Available for the first time in a Random House trade paperback edition and perfectly timed to tie in to the 2016 political conventions.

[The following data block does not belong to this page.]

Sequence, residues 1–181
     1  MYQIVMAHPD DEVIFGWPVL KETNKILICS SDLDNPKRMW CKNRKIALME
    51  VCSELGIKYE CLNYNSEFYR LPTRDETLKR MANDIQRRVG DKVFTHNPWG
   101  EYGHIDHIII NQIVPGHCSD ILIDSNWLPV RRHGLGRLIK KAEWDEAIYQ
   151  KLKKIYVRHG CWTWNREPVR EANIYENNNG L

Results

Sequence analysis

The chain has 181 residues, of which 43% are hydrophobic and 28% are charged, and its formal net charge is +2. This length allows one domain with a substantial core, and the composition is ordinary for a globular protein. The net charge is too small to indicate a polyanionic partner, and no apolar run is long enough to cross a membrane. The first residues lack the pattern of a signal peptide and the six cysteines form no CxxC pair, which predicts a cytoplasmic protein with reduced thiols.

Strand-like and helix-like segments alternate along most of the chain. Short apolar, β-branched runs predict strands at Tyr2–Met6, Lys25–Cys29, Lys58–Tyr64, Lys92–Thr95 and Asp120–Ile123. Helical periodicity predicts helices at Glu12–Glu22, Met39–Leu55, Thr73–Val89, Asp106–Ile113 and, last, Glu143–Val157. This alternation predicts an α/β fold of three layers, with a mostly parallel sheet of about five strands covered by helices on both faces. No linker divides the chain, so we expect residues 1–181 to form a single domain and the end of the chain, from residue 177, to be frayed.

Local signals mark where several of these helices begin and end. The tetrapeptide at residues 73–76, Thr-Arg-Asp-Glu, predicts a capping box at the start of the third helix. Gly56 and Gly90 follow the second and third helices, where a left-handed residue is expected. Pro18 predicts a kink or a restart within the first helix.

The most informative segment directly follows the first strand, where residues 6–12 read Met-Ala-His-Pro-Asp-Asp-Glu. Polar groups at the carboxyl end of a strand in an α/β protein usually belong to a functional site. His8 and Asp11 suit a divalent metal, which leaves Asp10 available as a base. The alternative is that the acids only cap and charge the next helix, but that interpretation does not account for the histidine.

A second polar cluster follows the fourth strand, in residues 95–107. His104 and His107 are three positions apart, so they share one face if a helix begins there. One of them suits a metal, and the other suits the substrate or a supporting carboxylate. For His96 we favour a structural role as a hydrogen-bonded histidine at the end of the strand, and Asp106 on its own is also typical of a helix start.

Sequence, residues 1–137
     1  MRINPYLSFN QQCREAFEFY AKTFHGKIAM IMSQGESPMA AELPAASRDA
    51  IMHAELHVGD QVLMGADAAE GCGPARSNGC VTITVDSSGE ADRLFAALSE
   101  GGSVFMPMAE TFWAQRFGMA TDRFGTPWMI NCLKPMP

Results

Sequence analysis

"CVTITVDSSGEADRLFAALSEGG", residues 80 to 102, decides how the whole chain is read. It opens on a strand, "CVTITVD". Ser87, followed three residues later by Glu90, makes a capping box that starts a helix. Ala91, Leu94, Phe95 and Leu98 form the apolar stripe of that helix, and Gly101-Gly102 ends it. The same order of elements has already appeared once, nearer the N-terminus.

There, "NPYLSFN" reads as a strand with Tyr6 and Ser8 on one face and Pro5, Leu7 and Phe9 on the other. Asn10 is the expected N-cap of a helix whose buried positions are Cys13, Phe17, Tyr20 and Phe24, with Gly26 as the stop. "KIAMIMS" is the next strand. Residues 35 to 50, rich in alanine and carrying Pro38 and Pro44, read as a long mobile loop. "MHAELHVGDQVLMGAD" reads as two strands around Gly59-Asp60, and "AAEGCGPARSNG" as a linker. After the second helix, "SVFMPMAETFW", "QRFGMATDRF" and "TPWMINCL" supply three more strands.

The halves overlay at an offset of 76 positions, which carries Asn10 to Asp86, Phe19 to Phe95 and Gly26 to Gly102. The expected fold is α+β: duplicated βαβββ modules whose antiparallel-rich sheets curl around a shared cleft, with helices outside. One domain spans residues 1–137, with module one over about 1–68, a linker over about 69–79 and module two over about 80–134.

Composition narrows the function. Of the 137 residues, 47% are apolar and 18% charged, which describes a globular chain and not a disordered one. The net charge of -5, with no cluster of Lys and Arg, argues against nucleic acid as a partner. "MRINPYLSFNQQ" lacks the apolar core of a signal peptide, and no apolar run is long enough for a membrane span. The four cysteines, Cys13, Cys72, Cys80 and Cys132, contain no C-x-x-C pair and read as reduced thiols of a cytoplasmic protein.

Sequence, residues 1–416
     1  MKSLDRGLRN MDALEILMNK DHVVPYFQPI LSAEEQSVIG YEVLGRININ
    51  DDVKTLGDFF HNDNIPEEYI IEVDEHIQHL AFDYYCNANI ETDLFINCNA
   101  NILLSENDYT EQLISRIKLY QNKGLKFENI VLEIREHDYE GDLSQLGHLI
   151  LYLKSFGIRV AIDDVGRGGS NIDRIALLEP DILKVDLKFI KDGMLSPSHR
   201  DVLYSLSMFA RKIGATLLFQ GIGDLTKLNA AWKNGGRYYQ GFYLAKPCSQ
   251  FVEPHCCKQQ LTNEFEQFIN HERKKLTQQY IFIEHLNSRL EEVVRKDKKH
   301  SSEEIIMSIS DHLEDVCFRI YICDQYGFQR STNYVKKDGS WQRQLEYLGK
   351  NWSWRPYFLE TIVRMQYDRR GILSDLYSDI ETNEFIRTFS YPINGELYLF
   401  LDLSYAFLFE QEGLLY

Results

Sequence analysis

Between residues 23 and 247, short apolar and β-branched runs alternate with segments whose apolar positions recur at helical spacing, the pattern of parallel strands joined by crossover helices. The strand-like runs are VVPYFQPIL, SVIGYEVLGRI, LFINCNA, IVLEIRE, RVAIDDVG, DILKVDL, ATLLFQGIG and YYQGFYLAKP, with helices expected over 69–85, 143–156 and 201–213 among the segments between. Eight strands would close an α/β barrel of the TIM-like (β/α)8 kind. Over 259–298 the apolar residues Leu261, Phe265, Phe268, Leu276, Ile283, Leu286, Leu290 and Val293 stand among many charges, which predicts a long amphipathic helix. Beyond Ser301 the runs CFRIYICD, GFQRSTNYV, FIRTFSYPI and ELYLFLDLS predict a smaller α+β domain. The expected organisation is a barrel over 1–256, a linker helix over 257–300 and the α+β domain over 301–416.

In Miami and the Siege of Chicago, Norman Mailer, America’s most provocative writer, brings a novelist’s eye to bear on the events of 1968, a decisive year in modern American politics, from which today’s bitterly divided country arose. In April, Martin Luther King Jr. was assassinated and riots broke out in inner cities throughout America. Bobby Kennedy was killed after winning the California primary in June. In August, Republicans met in Miami, picking the little-loved Richard Nixon as their candidate, while in September, Democrats in Chicago backed the ineffectual vice president, Hubert Humphrey. Norman Mailer was there to capture it all.